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Clean Water Rule Challenged in Court and Congress

The Clean Water Rule would protect small streams and headwaters. Credit: Brubakerslegacy/Wikimedia Commons
The Clean Water Rule would protect small streams and headwaters. Credit: Brubakerslegacy/Wikimedia Commons
November 30, 2015

HARRISBURG, Pa. – The Environmental Protection Agency’s Clean Water Rule has been put on hold by federal courts, but environmental groups fear some in Congress may try to overturn it with legislation.

The EPA finalized the rule last spring, reestablishing federal authority to protect smaller streams and wetlands from pollution under the 1972 Clean Water Act.

But some farmers, energy companies and others oppose the expansion of federal power.

David Imgrund, a sportsman advocate for the National Wildlife Federation, says they are wrong.

"It really didn't change any exemptions for agriculture,” he explains. “It didn't do any changes for erosional features or ground water or most ditches."

Congressional efforts to weaken the rule have so far failed to get the support of a veto-proof majority.

But advocates of a stronger Clean Water Act are concerned that opponents of the rule may attach a rider to a must-pass bill, such as the budget appropriation.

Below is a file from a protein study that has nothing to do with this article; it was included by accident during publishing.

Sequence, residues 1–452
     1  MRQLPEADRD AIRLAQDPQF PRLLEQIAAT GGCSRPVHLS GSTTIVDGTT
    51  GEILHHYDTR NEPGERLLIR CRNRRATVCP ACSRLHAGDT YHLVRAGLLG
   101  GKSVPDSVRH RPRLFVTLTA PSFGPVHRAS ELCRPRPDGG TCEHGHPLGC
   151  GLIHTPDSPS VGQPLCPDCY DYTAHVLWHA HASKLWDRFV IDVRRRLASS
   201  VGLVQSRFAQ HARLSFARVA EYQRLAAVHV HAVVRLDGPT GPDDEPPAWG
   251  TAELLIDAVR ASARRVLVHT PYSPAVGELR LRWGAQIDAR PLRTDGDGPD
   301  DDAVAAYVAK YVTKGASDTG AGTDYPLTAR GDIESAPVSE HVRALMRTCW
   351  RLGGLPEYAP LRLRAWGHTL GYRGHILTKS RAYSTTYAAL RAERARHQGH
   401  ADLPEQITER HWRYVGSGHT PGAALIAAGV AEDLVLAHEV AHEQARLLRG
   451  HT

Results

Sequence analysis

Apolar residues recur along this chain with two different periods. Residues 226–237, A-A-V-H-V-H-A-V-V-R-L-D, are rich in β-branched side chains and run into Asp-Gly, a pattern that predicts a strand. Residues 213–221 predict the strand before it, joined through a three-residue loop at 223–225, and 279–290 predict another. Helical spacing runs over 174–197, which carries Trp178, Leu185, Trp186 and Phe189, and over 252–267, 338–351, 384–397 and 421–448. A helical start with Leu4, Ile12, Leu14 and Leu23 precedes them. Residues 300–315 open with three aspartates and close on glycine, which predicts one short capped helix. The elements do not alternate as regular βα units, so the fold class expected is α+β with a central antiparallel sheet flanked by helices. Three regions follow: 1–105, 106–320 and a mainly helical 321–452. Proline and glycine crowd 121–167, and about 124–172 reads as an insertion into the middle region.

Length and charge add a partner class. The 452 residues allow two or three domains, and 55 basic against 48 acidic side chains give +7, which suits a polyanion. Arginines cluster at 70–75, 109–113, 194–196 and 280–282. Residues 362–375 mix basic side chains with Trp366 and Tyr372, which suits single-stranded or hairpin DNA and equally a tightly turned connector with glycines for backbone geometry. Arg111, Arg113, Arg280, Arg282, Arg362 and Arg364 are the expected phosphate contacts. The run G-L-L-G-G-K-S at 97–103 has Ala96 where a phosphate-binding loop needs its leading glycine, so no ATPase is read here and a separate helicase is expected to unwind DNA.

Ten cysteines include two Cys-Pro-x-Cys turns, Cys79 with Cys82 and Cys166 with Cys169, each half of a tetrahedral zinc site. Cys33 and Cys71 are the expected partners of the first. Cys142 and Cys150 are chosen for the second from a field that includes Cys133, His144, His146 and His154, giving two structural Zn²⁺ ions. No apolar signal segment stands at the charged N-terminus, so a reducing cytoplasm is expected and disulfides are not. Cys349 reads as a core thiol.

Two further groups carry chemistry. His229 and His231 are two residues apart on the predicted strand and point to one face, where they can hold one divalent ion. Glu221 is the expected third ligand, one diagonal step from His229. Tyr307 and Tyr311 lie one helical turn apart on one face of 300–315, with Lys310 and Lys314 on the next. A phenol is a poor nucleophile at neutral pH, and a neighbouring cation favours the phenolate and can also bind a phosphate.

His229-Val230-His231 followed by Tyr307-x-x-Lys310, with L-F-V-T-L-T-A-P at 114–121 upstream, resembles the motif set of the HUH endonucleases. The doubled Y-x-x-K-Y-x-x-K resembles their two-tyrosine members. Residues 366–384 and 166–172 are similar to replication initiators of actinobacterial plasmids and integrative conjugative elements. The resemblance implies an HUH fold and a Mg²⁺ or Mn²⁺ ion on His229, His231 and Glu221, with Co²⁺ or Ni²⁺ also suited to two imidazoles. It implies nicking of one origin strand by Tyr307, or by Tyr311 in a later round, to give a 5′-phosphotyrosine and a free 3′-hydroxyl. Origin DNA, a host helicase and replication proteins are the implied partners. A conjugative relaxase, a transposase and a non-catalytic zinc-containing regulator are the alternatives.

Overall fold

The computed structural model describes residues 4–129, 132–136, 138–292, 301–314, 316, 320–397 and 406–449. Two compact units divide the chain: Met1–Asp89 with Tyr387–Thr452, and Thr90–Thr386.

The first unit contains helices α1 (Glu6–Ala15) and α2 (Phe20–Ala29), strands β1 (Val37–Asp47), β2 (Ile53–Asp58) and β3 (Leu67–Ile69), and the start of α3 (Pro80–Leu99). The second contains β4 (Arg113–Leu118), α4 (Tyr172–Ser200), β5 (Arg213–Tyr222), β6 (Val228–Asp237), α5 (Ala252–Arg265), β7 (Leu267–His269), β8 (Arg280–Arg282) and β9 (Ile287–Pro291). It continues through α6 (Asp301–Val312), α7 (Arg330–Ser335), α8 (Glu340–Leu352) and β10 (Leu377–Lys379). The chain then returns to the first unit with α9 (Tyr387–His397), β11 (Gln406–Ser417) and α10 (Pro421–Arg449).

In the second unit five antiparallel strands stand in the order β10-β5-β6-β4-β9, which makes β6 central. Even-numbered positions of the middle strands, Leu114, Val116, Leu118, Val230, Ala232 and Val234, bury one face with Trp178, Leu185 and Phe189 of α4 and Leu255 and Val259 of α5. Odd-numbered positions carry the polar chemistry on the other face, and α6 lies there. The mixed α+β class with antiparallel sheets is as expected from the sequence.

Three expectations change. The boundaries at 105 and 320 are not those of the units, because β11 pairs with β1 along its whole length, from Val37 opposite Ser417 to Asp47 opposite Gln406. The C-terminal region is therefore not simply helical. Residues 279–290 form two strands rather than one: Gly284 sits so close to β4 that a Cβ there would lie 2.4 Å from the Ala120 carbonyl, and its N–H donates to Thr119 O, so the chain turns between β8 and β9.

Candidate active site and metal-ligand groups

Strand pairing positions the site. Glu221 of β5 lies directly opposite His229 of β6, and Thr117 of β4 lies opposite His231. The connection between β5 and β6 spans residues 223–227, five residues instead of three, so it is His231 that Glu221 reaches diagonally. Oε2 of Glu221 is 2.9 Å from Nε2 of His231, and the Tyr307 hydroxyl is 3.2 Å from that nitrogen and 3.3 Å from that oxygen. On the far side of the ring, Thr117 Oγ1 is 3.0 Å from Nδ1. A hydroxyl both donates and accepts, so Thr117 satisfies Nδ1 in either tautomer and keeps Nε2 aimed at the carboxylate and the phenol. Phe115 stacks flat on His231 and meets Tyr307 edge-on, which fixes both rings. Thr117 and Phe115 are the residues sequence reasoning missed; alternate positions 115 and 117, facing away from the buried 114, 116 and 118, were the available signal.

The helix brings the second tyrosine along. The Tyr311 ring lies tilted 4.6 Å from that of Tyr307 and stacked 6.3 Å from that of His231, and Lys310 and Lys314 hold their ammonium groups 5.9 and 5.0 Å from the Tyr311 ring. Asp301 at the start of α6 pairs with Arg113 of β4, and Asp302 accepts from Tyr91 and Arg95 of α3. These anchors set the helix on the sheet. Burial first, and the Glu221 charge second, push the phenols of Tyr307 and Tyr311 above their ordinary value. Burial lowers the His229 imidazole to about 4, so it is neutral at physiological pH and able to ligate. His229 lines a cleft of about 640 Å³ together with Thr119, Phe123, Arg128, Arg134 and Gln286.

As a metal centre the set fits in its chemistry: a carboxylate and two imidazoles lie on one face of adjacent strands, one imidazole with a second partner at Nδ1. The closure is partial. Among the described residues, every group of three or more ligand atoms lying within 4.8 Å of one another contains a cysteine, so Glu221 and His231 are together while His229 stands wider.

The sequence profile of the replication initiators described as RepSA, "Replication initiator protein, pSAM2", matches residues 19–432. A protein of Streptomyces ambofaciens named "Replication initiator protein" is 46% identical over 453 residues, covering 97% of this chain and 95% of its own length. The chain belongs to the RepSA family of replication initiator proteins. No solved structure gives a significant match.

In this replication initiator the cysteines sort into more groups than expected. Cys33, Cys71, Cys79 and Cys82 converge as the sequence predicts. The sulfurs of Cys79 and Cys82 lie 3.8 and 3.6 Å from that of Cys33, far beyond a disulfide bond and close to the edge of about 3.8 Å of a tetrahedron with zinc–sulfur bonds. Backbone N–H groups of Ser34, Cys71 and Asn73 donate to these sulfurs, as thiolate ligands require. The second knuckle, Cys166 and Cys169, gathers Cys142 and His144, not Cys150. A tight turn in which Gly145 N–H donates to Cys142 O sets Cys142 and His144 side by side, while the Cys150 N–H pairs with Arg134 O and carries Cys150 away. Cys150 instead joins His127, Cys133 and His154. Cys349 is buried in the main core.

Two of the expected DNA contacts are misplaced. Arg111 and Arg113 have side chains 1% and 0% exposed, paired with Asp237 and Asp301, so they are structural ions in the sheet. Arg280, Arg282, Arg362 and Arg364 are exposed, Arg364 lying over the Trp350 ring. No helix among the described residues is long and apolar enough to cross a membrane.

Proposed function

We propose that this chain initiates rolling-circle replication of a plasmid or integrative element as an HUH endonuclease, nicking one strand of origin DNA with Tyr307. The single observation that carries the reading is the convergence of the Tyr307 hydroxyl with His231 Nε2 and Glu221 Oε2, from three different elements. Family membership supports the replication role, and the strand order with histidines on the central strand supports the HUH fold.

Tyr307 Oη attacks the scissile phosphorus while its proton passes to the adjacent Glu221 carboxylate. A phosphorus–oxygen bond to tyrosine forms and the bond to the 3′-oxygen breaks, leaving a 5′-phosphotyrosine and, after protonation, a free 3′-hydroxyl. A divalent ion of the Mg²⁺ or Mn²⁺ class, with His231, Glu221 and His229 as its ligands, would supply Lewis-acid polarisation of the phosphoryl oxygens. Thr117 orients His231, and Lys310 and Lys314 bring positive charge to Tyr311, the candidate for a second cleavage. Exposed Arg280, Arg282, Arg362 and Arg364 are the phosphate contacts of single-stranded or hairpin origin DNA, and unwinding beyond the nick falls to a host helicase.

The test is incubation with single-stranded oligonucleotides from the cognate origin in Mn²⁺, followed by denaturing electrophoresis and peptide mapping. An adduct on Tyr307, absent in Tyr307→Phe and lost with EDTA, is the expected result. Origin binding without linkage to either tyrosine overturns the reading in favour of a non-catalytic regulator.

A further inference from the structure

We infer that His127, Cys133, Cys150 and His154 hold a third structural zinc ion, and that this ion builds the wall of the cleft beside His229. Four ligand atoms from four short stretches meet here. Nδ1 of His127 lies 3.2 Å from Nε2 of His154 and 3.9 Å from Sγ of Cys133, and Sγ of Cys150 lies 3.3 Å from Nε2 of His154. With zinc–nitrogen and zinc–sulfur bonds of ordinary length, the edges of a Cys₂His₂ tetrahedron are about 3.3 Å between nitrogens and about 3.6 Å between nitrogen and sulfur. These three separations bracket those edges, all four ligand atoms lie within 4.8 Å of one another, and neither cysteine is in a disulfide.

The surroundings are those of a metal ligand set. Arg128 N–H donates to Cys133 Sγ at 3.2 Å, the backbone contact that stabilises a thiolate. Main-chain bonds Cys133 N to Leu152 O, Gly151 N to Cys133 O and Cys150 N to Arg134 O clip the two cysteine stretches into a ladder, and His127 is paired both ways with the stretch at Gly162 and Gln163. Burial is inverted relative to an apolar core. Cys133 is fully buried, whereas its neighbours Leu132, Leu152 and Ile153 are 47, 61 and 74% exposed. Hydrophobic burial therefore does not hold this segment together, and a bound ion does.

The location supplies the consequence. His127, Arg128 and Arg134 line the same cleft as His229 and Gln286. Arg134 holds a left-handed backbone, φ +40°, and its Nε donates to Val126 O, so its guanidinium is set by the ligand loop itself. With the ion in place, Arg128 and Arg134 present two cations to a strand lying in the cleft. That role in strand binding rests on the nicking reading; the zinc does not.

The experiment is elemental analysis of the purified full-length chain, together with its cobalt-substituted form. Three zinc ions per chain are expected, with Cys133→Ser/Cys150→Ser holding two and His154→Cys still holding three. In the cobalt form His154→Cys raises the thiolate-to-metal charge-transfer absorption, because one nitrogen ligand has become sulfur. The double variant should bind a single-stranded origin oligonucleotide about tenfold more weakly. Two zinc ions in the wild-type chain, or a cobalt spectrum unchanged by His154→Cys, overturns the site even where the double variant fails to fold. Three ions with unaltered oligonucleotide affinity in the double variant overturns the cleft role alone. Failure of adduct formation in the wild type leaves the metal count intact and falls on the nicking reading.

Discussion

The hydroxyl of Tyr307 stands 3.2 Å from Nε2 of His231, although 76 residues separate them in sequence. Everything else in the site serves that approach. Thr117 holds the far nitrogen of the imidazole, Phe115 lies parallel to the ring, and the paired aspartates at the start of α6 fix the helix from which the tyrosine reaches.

U.S. Supreme Court rulings in 2001 and 2006 created confusion about whether EPA authority included smaller streams, headwaters and wetlands.

The new rule is meant to make that clear. And as Imgrund points out, water quality needs to be protected at the source.

"The water flows downstream, so what happens upstream is eventually going to come downstream,” he explains. “And if you don't protect the smaller waters, you're just inviting troubles in the bigger waters."

Pennsylvania has more miles of rivers and streams than any other state but Alaska. They supply the drinking water for millions of people as well as habitat for native fish species.

The state has its own law, the Clean Streams Act that should protect the smaller streams even without the federal rule. But Imgrund says it's important to have backup.

"The reason that the federal protection is so important is because, in absence of the state having the money and the resources to actually enforce these laws, the feds have the clout to do that," he points out.

Comments submitted during the rule making process showed almost 90 percent of Americans favor the Clean Water Rule.



Andrea Sears, Public News Service - PA